A comment left on my dense-mode FCoE post is a perfect example of the dangers of using vague, marketing-driven and ill-defined word like “switching”. The author wrote: “FC-SW is by no means routing ... Fibre Channel is switching.” As I explained in one of my previous posts, switching can mean anything, from circuit-based activities to bridging, routing and even load balancing (I am positive some vendors claim their load balancers ... oops, application delivery controllers ... are L4-L7 switches), so let’s see whether Fibre Channel “switching” is closer to bridging or routing.
Yandy sent me an interesting question:
Is it just me or do you also see the Nexus 2000 series not having any type of distributed forwarding as a major design flaw? Cisco keeps throwing in the “it's a line-card” line, but any dumb modular switch nowadays has distributed forwarding in all its line cards.
I’m at least as annoyed as Yandy is by the lack of distributed switching in the Nexus port (oops, fabric) extender product range, but let’s focus on a different question: does it matter?
Michael modified one of my EEM applets to monitor CRC errors on WAN interfaces and notify the operator (via e-mail) when an interface has more than two errors per minute. He wanted to monitor multiple interfaces and asked me whether it’s possible to modify the SNMP event detector somehow. I only had to point him to the event correlation feature of EEM version 2.4 and he sent me the following (tested) applet a few days later.
Chris Marget sent me the following interesting observation:
One of the things we learned back at the beginning of Ethernet is no longer true: hardware filtering of incoming Ethernet frames by the NICs in Ethernet hosts is gone. VMware runs its NICs in promiscuous mode. The fact that this Networking 101 level detail is no longer true kind of blows my mind.
So what exactly is going on and does it matter?
Matthew sent me the following remarkable fact (and he just might have saved some of you a few interesting troubleshooting moments):
I was bringing up an OSPF adjacency between a Catalyst 6500 and an ASR 9006 and kept getting an MTU mismatch error. The MTU was set exactly the same on both sides. So I reset them both back to default (1500 on the 6500 and 1514 on the ASR 9006) and the adjacency came back up, even though now the MTU is off by 14 bytes. So I attempted to bump the MTU up again, this time setting the MTU on 6500 to 1540 and the MTU on the ASR 9006 to 1554. Adjacency came right up. Is there something I am missing?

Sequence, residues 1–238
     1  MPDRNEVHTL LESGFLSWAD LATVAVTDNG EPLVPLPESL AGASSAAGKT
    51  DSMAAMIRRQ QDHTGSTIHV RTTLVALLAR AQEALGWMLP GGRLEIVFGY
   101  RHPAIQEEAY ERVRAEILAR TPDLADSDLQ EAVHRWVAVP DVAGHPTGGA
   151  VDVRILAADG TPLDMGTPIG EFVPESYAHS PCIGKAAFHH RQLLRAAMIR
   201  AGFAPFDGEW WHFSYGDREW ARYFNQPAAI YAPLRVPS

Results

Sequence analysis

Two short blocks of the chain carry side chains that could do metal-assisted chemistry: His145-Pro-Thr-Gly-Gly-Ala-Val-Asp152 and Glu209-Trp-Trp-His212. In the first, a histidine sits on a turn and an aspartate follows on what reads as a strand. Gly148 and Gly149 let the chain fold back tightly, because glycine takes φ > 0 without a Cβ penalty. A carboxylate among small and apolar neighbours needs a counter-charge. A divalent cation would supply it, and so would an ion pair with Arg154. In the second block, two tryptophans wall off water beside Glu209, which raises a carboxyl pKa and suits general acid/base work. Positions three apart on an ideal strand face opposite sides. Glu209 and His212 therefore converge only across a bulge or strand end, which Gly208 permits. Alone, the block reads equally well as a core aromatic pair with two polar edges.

The 14 byte difference is the crucial point – that’s exactly the L2 header size (12 bytes for two 6-byte MAC addresses and 2 bytes for ethertype). When you specify MTU size on the IOS classic (either with the ip mtu command or with the mtu command), you specify the maximum size of the layer-3 payload without the layer-2 header. Obviously IOS XR works differently – there you have to specify the maximum size of a layer-2 frame, not of its layer-3 payload (comments describing how other platforms behave are most welcome!).
My web site statistics are (yet again) confirming the inevitable truth: the holiday season has started in the northern hemisphere. I hope you’ll be busy doing things that are more fun than reading my blog, so I’ll publish only two or three articles per week to prevent information overload, returning to the regular daily schedule in late August.